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A new study suggests that vegetarians and vegans may have a higher risk of stroke compared to meat-eaters.
Published in the British Medical Journal, the research aimed to determine whether meatless diets have health risks. Researchers from the University of Oxford observed 48,188 people from the United Kingdom, who did not have a history of stroke or heart ailments, at the onset of the study. The participants were categorized as meat eaters, fish eaters, and vegetarians and vegans based on their responses regarding their diets. They were monitored for 18 years and were asked about their lifestyle and medical history.
During the 18-year research period, there were 2,820 coronary heart disease and 1,072 stroke cases documented within the entire group.
The researchers discovered that there was a lower heart disease risk for both fish-eaters and vegetarians and vegans. However, they also found that vegans and vegetarians have a 20% higher risk of stroke than meat-eaters. Those with meatless diets were particularly at risk of a hemorrhagic stroke, an uncommon type of stroke that occurs when blood vessels erupt and bleed into the brain.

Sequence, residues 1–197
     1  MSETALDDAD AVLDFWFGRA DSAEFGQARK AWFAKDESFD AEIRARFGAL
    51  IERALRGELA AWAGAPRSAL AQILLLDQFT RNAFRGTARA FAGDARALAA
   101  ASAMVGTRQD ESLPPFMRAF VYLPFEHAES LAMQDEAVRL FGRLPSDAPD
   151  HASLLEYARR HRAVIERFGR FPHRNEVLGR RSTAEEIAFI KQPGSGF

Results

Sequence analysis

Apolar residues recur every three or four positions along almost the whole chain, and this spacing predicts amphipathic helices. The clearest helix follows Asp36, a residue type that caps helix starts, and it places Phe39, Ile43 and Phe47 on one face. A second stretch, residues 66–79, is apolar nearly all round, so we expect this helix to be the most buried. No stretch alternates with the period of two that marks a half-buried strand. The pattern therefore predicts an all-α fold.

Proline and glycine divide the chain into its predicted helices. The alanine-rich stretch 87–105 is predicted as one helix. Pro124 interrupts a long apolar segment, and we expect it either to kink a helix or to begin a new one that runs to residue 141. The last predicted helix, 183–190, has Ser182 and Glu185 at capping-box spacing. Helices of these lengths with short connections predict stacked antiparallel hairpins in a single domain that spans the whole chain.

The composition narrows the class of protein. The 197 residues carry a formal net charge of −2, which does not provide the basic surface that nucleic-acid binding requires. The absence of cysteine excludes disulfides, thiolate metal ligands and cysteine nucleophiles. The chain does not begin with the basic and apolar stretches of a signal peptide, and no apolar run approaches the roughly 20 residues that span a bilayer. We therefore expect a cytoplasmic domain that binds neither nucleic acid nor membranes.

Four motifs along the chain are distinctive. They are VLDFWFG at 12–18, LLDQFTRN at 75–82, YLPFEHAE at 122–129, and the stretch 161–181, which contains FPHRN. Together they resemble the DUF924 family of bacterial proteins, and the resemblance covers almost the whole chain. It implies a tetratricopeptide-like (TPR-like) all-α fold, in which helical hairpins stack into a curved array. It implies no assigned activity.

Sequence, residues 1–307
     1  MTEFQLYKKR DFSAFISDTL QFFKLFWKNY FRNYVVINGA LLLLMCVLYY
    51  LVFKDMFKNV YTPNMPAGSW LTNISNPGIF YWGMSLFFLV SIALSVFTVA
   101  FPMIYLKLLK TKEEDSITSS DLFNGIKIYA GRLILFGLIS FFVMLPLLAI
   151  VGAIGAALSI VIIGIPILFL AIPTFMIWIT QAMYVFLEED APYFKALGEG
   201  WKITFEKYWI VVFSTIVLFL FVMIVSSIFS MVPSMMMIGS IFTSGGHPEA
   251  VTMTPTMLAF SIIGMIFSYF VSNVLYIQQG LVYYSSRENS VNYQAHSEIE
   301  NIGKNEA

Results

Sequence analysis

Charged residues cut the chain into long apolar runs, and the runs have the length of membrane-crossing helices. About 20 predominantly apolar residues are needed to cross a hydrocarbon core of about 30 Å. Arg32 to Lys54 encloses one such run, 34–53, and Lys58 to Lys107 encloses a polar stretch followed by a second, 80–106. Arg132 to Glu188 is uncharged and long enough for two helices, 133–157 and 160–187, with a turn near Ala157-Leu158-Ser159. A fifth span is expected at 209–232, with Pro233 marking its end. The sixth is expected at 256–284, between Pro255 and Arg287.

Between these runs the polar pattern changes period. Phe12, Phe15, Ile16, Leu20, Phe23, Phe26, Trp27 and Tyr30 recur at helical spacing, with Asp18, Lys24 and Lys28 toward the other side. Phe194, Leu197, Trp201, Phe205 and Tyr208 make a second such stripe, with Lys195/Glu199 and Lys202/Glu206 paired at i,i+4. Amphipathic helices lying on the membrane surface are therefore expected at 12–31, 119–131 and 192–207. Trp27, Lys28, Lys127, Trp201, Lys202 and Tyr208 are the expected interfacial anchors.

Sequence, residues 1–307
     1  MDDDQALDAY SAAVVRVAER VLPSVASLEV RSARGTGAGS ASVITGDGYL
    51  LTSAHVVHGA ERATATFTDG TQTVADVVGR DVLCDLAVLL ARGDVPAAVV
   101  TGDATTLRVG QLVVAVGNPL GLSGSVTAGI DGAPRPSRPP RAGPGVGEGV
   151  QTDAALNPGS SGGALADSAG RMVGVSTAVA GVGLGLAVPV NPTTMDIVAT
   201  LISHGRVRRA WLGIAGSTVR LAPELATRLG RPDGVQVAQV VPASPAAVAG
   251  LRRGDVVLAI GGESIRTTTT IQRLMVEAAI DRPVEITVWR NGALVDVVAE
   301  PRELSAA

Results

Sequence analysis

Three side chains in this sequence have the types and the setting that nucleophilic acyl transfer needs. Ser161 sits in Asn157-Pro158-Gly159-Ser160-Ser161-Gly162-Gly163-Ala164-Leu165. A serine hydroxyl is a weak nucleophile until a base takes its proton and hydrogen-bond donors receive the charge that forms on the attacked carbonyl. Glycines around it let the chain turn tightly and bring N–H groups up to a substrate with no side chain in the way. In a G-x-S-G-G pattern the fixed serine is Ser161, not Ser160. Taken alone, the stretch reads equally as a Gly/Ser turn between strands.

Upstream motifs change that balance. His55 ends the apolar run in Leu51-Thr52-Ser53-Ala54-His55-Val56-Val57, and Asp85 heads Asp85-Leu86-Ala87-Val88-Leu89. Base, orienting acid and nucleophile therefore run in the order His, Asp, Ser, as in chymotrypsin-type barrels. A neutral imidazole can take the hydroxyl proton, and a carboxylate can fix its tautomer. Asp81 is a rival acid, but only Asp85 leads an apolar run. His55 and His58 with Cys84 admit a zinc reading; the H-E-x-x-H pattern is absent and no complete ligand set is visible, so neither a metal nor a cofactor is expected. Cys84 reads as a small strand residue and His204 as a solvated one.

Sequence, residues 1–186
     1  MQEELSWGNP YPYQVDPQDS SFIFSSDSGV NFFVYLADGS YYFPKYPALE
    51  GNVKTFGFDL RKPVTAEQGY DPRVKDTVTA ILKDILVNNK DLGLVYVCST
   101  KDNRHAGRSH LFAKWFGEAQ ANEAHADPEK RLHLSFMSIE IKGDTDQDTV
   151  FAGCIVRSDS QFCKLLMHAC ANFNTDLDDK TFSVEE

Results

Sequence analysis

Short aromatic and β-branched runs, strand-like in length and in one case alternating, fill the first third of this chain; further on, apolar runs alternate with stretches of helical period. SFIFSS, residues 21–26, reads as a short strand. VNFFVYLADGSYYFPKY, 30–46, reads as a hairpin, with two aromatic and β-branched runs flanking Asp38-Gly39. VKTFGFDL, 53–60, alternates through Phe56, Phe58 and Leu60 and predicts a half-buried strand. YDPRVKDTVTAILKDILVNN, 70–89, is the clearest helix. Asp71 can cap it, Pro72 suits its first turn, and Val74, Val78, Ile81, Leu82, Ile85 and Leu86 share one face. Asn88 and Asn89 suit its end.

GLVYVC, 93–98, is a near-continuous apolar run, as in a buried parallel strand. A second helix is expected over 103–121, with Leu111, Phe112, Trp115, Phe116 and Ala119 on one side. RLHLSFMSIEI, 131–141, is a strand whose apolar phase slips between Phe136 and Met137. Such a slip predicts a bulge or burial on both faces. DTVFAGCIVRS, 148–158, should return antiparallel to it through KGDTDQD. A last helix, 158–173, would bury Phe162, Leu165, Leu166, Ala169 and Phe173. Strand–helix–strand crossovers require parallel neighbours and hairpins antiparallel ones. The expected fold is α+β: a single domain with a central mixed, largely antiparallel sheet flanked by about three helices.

While the exact reason for the higher stroke risk is unclear, the researchers speculate that it may be due to vegans and vegetarians missing out on key vitamins and nutrients that cannot be effectively sourced from plant-based diets. Some studies have correlated very low cholesterol levels and vitamin B12 deficiency with increased stroke risk.
The researchers mentioned that the study was the first to look into the link between stroke and plant-based diets. They, therefore, recommend further research to determine how stroke risk is exactly related to cholesterol and certain nutrients.